But the way this played out on the ground was that we spent holidays apart. He would spend Thanksgivings and Christmases with her, and I wasn't invited either before or after he came out. If we had stayed together longer this would have had to change, but I was willing to tolerate it partly because, to be honest, I had no desire to use what little vacation time I had to go visit his mom in the sticks. It was easy to say, "She needs time to process," which had the added advantage of being true for awhile. It took her a long time to mention me in conversation with my ex, let alone ask about me.

    But I did meet her a couple times; she came and stayed with us. The first time was pure torture; she was practically mute the whole time and sitting in a room with them was like watching paint peel. The second time, we had the good sense to get her drunk at dinner each night, and she was delightful. She was also in good spirits because she was being courted by a man to whom she is now married.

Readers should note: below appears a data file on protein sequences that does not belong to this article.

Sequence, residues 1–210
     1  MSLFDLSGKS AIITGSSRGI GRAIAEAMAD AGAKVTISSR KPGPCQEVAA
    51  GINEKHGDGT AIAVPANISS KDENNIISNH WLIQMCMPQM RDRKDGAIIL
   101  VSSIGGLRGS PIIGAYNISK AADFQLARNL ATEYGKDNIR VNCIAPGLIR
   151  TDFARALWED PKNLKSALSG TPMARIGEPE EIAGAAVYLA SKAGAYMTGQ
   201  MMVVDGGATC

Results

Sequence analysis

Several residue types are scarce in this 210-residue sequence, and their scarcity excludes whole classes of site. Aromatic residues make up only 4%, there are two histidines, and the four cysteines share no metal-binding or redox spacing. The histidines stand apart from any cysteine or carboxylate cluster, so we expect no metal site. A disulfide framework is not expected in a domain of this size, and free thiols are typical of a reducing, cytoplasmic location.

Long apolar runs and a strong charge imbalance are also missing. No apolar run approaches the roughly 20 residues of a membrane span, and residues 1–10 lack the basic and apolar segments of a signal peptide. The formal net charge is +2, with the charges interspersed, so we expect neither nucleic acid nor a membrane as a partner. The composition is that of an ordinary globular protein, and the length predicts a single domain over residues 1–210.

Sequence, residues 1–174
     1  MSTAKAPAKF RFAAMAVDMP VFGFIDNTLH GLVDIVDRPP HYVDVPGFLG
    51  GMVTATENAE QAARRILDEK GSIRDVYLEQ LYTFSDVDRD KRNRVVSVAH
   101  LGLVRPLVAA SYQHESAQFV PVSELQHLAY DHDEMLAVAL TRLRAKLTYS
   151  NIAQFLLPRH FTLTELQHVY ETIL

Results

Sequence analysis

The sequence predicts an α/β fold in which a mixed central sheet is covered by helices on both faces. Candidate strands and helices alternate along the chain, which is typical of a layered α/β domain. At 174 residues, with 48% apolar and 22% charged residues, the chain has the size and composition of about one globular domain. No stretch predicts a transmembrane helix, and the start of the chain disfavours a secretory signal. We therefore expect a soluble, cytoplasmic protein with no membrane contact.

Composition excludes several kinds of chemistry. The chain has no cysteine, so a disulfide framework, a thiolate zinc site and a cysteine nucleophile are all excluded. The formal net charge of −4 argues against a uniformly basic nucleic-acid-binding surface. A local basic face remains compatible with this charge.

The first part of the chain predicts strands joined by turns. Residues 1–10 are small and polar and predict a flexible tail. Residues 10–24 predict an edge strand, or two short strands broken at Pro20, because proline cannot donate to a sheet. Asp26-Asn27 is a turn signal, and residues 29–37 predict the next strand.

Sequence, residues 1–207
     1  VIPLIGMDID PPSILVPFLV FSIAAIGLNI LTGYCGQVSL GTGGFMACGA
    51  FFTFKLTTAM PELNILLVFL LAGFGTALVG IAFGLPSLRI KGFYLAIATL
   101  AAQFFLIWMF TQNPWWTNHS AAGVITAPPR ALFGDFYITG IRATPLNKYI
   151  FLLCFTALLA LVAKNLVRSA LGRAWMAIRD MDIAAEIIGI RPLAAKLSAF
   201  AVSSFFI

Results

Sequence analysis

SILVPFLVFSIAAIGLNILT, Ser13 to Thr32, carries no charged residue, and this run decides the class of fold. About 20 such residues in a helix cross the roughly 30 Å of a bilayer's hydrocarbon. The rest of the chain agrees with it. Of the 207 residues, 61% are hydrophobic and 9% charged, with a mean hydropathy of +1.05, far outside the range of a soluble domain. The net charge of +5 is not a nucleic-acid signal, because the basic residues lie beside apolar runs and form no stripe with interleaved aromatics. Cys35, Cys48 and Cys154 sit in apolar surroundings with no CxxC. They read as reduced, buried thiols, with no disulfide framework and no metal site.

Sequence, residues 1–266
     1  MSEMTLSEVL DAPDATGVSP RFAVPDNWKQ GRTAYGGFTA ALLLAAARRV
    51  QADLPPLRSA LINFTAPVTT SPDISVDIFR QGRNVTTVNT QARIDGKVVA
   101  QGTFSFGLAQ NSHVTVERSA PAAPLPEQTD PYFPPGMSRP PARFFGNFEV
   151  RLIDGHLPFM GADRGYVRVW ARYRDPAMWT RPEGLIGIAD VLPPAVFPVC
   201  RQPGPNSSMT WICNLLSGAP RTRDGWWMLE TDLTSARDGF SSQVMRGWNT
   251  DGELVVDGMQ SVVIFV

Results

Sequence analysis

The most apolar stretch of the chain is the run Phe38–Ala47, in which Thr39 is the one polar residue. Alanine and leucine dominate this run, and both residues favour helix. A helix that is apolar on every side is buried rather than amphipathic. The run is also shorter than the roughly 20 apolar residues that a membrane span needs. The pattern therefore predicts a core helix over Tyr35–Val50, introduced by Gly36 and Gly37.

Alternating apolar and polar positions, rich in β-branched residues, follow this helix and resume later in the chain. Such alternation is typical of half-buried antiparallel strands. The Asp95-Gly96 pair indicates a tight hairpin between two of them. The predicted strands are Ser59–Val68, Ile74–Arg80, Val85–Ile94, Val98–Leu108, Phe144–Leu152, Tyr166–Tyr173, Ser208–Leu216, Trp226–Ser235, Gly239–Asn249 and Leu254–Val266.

But I couldn't see her doing what my mom did to my ex last night, which was to call him at 1 in the morning, frantic because due to a comedy of errors she'd been trying and unable to reach me (I had my ringer off and was sound asleep). I woke up this morning to a slew of voicemails from my mom and texts from my ex telling me to call her. She said he was very nice and told her not to hesitate to call any time.

    We got some things wrong, my ex and I, but the family stuff we got right. That's partly why we're still family even though we're no longer together.
  • hdurdinr

    Posts: 699

    Sep 06, 2010 10:40 PM GMT
    I'm glad you've all seemed to have had good experiences with you "in-laws". My "mother-in-law" banned me from my partner's funeral just before Christmas and took all the things he wanted me to have. Needless to say I don't keep in touch.
  • Buddha

    Posts: 1766

    Sep 06, 2010 10:49 PM GMT
    hdurdinr saidI'm glad you've all seemed to have had good experiences with you "in-laws". My "mother-in-law" banned me from my partner's funeral just before Christmas and took all the things he wanted me to have. Needless to say I don't keep in touch.


    That's... really sad and awful, I can't even imagine how I'd react if something like that happened to me.